COLUMN-US farm income set for biggest plunge in 18 years as prices cool way off -Braun


By Karen Braun

NAPERVILLE, Illinois, Feb 13 (Reuters) - A sharp drop in crop prices coupled with rising production costs is set to slash U.S. net farm income this year, though inflation may be masking the significance of these price and income declines, especially in relation to past years.

The U.S. Department of Agriculture last week forecast 2024 net farm income at $116 billion, down from $156 billion in 2023 and a record $186 billion in 2022, all in nominal dollars. That would be the fifth-highest on record after the past three years plus 2013.

But inflation-adjusted, the 2024 forecast is 4% below the 20-year average and down 41% from 2022. That would mark the biggest two-year decline in net farm income by percentage since 1983, when the U.S. rural economy was caught in a major agricultural crisis.

Net farm income of $116 billion in 2024 would be down 27% from the inflation-adjusted 2023 total, and would represent the largest annual decline since 2006.

Some inflation-adjusted commodity prices are not far off 2020’s low levels, and 2020 would have been an extraordinarily difficult year for farmers if not for massive government payments for both trade war- and pandemic-related losses.

Direct government payments were responsible for about 48% of U.S. net farm income in 2020, the highest share since 1983. Discounting government payments, total inflation-adjusted net farm income in 2020 was the lowest since 2002.

Trade war dollars could become relevant again in 2025 pending the outcome of the U.S. presidential election later this year, as candidate and former President Donald Trump earlier this month pledged to enforce steep tariffs on Chinese goods if elected.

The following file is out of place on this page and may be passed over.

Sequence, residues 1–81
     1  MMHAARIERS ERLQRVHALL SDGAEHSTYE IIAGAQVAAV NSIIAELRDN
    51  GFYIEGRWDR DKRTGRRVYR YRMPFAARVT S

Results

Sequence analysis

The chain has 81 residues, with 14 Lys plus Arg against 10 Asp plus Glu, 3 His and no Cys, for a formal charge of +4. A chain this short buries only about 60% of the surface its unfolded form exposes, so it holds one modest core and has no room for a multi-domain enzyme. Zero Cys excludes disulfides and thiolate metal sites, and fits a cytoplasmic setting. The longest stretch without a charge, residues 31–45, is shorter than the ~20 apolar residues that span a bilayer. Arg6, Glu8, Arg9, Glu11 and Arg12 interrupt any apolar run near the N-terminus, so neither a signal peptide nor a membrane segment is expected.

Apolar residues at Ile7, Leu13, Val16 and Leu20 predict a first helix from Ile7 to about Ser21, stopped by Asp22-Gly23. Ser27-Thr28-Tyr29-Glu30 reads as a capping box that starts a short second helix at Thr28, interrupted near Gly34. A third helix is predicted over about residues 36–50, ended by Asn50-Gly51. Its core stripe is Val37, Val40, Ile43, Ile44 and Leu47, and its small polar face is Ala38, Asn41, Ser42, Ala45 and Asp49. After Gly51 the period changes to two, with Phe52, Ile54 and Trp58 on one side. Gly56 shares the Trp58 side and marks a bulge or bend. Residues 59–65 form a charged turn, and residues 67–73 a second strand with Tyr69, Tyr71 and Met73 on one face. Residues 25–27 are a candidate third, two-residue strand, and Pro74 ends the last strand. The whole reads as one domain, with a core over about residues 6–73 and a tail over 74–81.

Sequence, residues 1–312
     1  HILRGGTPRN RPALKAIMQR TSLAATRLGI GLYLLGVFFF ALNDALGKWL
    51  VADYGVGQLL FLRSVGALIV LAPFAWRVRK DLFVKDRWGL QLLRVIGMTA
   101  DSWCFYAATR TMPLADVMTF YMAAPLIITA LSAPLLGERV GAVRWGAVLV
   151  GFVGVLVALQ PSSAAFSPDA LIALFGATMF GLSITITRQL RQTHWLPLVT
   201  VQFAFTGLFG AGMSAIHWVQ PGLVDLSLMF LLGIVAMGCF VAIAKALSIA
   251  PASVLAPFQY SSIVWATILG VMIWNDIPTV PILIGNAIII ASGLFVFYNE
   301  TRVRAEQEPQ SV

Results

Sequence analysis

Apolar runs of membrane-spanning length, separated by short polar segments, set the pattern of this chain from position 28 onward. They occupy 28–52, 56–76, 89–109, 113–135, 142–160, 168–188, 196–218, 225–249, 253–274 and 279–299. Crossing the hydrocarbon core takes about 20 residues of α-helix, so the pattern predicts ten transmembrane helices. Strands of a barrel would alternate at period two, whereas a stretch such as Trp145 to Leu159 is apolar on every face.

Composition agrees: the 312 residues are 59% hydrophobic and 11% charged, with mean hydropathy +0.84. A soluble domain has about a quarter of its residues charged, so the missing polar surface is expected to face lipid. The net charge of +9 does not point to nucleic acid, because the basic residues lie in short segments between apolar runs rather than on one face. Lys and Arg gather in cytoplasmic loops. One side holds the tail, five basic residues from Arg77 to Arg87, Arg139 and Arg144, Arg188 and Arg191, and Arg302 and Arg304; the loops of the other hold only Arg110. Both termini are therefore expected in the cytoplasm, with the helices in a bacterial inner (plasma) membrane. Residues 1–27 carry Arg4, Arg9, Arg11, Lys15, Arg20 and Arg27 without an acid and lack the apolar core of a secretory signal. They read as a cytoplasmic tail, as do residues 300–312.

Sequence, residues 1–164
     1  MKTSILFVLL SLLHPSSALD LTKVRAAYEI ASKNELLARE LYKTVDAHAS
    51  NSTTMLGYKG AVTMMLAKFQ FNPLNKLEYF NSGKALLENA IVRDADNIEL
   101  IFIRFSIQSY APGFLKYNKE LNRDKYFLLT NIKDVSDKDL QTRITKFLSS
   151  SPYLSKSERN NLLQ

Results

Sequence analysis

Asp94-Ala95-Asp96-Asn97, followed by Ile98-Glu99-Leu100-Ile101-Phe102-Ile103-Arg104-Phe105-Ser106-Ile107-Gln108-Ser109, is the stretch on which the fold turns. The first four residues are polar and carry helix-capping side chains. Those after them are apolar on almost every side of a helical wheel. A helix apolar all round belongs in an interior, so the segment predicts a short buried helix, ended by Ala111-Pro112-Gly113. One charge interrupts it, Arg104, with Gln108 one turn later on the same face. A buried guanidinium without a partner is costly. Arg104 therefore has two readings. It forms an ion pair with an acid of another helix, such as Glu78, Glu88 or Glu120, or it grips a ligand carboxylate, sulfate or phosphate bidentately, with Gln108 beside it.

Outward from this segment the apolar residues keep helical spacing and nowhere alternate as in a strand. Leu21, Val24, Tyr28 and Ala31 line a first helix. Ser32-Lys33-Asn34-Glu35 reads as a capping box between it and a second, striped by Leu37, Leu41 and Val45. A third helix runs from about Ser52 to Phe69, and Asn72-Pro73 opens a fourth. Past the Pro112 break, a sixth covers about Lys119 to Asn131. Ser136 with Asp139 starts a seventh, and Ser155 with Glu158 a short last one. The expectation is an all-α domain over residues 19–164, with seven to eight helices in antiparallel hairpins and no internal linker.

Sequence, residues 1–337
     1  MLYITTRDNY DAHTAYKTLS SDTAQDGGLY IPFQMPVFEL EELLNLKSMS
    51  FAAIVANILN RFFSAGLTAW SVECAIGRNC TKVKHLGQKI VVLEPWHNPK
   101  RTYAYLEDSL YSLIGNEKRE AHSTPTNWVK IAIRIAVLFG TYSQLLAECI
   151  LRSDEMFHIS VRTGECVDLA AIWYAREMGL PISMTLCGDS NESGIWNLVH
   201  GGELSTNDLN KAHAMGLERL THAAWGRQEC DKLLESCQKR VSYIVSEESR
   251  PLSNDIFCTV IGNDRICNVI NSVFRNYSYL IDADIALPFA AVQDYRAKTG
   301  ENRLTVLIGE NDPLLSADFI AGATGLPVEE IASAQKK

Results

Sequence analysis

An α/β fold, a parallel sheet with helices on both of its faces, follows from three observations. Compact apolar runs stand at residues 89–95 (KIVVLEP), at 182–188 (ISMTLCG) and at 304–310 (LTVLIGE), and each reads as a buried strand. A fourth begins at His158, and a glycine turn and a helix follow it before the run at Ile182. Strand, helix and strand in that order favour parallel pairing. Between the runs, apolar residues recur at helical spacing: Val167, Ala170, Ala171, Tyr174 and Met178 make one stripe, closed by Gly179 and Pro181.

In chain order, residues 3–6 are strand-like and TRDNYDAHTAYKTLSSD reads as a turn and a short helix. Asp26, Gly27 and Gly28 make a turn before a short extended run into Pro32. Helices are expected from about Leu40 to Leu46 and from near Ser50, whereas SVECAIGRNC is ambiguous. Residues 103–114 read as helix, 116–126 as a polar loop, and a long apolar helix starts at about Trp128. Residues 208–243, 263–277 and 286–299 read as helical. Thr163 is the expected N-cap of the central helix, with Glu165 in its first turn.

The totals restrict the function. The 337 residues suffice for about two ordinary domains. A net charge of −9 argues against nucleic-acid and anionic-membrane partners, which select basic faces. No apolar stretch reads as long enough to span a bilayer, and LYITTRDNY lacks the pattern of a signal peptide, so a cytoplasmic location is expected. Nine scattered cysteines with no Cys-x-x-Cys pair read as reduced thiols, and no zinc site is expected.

USDA’s forecast implies direct government payments will account for nearly 9% of net farm income in 2024, a three-year high but well below average, pre-trade-war levels.


The average prices of new-crop CBOT corn and soybean futures this month will represent insurance guarantees to U.S. farmers for the 2024 harvest, and planting decisions could be affected.

Those numbers are looking much less attractive than in prior years.

Through nine of 20 trading days in February, average December corn futures CZ24 are down 20% from last February’s average and November soybeans SX24 are off 15%. Both would represent the biggest year-on-year declines in February prices since 2009.

December corn’s current average of $4.74 per bushel is below $5.91 and $5.90 in 2023 and 2022, respectively, though it is otherwise the highest since 2013.

However, a different picture emerges when inflation is considered. Adjusting historical December corn prices during February using monthly Consumer Price Index (CPI) data suggests the current $4.74 average would be the second lowest since 2006 after February 2020’s adjusted price of $4.60.

Nominally, new-crop corn in February 2020 averaged $3.88 per bushel and new-crop soybeans averaged $9.17, both four-year lows for the month.

November soybeans are averaging $11.72 per bushel so far this month, a four-year low though only 15 cents below the nominal 2021 average. Inflation-adjusted, the $11.72 becomes February’s fourth-lowest average since 2006, with a minimum of $10.87 in 2020.

November soybeans are trading at three-year highs relative to December corn, and this has analysts thinking about more soybeans and fewer corn acres this year. A Bloomberg poll of 21 analysts on Tuesday has 2024 U.S. corn plantings down 3 million acres from last year with a near-equal increase in bean plantings.

USDA will be out early on Thursday with a peek at 2024-25 U.S. balance sheets and planted area ideas will be of top interest. However, the first survey-based planting estimates for the 2024 U.S. growing season will not be available until March 28.

Karen Braun is a market analyst for Reuters. Views expressed above are her own.

Graphic- Two-year change (%) in U.S. net farm income

Graphic- U.S. net farm income minus direct government payments

(Writing by Karen Braun Editing by Matthew Lewis)

((; X: @kannbwx))

The views and opinions expressed herein are the views and opinions of the author and do not necessarily reflect those of Nasdaq, Inc.

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